Thomas Howard wrote a book called Splendor in the Ordinary and in that book he makes a reference to George McDonald, another 19th Century writer who said, “The one principal of hell is I am my own.”  With that quote as his basis, Tom Howard said there are
basically two ways to live: you can live on the basis of "my life for yours" or you can live on the basis of  "I am my own, my life for me."  Every day you have hundreds of opportunities to operate on the basis of one of those two principles. 
  Howard continued by stating "For example, no child has ever received life except through the laying down of the mother’s life for months in bearing and nourishing him. And somebody has to lay down his or her life for the child year after year after year in caring for and training for and providing for him.”  Those of us who are parents know this because we give up much of our lives for our kids: our time, convenience, and certainly our money. 
  Howard further explains that “this laying down of life always entails a death.” It is a death in effect to my time when I give it over to help you get something done. It is death to
my privilege if I let someone else in need cut in line in front of me at HEB. Theologian Tim Keller explains it this way, "The 'my life for yours' principle is the only one in which any true life is possible. To embrace it is to live. To refuse it, or to live my life for me, is to die spiritually. There it is; heaven or hell lurking in your living room."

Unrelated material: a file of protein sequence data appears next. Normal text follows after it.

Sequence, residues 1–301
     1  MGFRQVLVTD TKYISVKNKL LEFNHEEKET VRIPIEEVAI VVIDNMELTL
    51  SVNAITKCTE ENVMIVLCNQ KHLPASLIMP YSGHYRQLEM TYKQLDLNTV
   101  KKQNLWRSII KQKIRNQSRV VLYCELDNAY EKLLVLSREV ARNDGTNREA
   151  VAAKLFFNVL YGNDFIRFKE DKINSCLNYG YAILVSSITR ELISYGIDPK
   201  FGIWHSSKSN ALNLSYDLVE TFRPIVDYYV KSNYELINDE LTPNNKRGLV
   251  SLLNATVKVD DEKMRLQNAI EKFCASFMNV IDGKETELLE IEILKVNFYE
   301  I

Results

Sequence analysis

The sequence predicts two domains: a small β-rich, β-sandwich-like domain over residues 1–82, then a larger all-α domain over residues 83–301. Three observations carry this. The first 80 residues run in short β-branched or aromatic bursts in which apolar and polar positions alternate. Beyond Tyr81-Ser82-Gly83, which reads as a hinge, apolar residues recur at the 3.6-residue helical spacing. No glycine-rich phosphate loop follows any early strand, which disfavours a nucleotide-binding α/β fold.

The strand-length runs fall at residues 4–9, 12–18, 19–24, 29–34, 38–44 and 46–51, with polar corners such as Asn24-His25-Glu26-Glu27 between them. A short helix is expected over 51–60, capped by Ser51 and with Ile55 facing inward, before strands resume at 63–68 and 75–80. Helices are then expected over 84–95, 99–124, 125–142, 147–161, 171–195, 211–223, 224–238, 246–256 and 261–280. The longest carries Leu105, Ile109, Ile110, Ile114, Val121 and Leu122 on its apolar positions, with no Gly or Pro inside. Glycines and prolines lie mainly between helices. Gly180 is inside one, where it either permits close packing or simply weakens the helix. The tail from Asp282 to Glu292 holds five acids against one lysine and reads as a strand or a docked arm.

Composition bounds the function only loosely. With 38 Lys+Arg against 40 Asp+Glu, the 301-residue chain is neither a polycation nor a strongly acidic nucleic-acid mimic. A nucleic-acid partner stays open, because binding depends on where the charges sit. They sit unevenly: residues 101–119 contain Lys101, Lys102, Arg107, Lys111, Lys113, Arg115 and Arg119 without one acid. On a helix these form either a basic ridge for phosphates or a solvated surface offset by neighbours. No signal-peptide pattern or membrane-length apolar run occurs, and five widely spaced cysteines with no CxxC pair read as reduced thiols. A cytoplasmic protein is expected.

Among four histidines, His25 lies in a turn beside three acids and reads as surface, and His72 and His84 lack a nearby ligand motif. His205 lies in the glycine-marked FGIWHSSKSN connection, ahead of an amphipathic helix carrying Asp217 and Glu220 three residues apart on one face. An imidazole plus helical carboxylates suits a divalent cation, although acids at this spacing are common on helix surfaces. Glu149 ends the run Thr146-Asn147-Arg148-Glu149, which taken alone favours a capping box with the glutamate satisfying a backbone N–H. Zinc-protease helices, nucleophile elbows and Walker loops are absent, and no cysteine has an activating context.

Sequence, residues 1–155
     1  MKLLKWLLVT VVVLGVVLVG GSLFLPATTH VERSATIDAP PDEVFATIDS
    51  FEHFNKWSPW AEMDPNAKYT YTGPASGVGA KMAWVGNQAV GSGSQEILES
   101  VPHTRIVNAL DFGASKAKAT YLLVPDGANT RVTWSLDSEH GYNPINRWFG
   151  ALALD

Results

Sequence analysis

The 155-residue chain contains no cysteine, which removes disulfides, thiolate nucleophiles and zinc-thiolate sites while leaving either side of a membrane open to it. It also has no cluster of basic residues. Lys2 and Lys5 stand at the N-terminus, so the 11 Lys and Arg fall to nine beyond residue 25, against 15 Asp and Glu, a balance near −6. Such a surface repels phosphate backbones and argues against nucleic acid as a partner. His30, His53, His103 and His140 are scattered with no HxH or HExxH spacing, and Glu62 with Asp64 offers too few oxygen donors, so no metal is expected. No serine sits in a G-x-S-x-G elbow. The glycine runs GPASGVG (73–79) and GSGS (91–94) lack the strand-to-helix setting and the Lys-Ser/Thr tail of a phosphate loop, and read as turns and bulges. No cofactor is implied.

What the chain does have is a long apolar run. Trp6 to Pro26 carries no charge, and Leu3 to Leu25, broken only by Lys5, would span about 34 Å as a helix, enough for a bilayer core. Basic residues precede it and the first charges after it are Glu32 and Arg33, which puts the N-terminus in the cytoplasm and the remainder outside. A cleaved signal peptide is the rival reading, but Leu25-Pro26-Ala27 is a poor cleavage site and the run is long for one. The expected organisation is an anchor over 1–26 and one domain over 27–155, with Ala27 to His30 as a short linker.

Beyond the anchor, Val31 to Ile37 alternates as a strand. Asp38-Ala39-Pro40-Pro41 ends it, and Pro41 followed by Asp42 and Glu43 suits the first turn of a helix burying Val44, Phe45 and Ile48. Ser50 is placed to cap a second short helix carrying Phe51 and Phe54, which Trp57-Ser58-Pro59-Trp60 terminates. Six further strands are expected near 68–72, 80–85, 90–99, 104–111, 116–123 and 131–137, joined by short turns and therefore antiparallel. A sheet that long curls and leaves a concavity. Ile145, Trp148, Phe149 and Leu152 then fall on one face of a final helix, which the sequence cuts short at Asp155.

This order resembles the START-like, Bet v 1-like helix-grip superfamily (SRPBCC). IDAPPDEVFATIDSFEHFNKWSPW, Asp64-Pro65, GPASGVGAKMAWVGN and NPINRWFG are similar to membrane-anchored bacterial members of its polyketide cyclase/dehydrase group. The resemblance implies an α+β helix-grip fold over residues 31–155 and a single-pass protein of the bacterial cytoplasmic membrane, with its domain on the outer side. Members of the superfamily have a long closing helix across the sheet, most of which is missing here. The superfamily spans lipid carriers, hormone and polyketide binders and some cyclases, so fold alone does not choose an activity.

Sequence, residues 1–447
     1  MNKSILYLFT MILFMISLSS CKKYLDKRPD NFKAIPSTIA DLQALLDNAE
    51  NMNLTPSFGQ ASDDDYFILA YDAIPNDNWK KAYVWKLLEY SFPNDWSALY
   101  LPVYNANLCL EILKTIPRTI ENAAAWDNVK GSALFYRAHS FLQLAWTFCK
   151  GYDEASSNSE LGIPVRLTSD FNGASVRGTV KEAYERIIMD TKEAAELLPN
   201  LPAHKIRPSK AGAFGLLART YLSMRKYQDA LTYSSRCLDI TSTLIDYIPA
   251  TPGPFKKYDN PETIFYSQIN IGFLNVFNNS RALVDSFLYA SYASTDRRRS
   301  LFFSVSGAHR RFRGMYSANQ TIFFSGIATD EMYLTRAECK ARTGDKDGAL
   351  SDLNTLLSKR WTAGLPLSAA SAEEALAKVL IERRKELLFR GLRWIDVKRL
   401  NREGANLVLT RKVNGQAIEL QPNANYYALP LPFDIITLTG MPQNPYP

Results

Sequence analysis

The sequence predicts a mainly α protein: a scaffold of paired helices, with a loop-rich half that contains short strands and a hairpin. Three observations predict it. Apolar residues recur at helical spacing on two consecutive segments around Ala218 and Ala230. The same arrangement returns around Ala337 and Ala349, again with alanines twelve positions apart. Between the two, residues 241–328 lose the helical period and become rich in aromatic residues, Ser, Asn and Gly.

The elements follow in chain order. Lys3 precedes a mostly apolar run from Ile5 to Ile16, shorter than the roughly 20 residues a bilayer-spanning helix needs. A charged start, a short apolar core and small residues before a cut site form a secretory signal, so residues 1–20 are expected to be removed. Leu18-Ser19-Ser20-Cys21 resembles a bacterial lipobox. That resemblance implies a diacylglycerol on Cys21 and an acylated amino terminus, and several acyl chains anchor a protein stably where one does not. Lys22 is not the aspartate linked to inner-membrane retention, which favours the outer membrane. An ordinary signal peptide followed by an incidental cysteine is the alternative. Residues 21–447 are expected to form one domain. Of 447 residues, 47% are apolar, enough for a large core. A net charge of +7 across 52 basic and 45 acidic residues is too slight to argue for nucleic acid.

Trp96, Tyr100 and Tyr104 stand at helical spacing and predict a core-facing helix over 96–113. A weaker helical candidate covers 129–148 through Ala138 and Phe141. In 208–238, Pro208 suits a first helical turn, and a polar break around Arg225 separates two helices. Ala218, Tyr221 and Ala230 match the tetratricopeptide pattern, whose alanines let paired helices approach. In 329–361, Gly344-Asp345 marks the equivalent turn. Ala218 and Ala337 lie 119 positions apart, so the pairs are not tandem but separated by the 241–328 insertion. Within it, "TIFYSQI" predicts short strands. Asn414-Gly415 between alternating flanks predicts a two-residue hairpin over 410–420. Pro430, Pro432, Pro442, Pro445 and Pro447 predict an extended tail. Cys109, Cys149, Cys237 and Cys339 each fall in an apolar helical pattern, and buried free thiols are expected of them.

When you forgive, volunteer your precious time, belong to a team and don’t insist on your way, these are little deaths, and yet they are deaths that lead to life. Death to your individual needs leads to a resurrection of community because as Howard points out, when somebody dies to their time or privilege to do something for you and you say thank you, community is created.
  Why? Howard says, "Thank you means I owe you and I acknowledge it gratefully. In heaven, such acknowledgements are forms of joy. In hell, no  indebtedness is acknowledged at all."  When you say thank you, there is a bond and you have just lost some of your independence. You owe another person to some degree and so there are obligations of community now.  If every day in little ways you put someone else's needs above yours and they say thank you, you are slowly but surely becoming a community with that person. 
  My prayer is that each of us every day strives to live by the principle "my life for yours."  Look for opportunities to give up your time, your privilege, your money to help someone else.  Build community with others by giving your life for theirs and reap the enormous blessings of life in the Spirit and in that community.
Pastor Boyd

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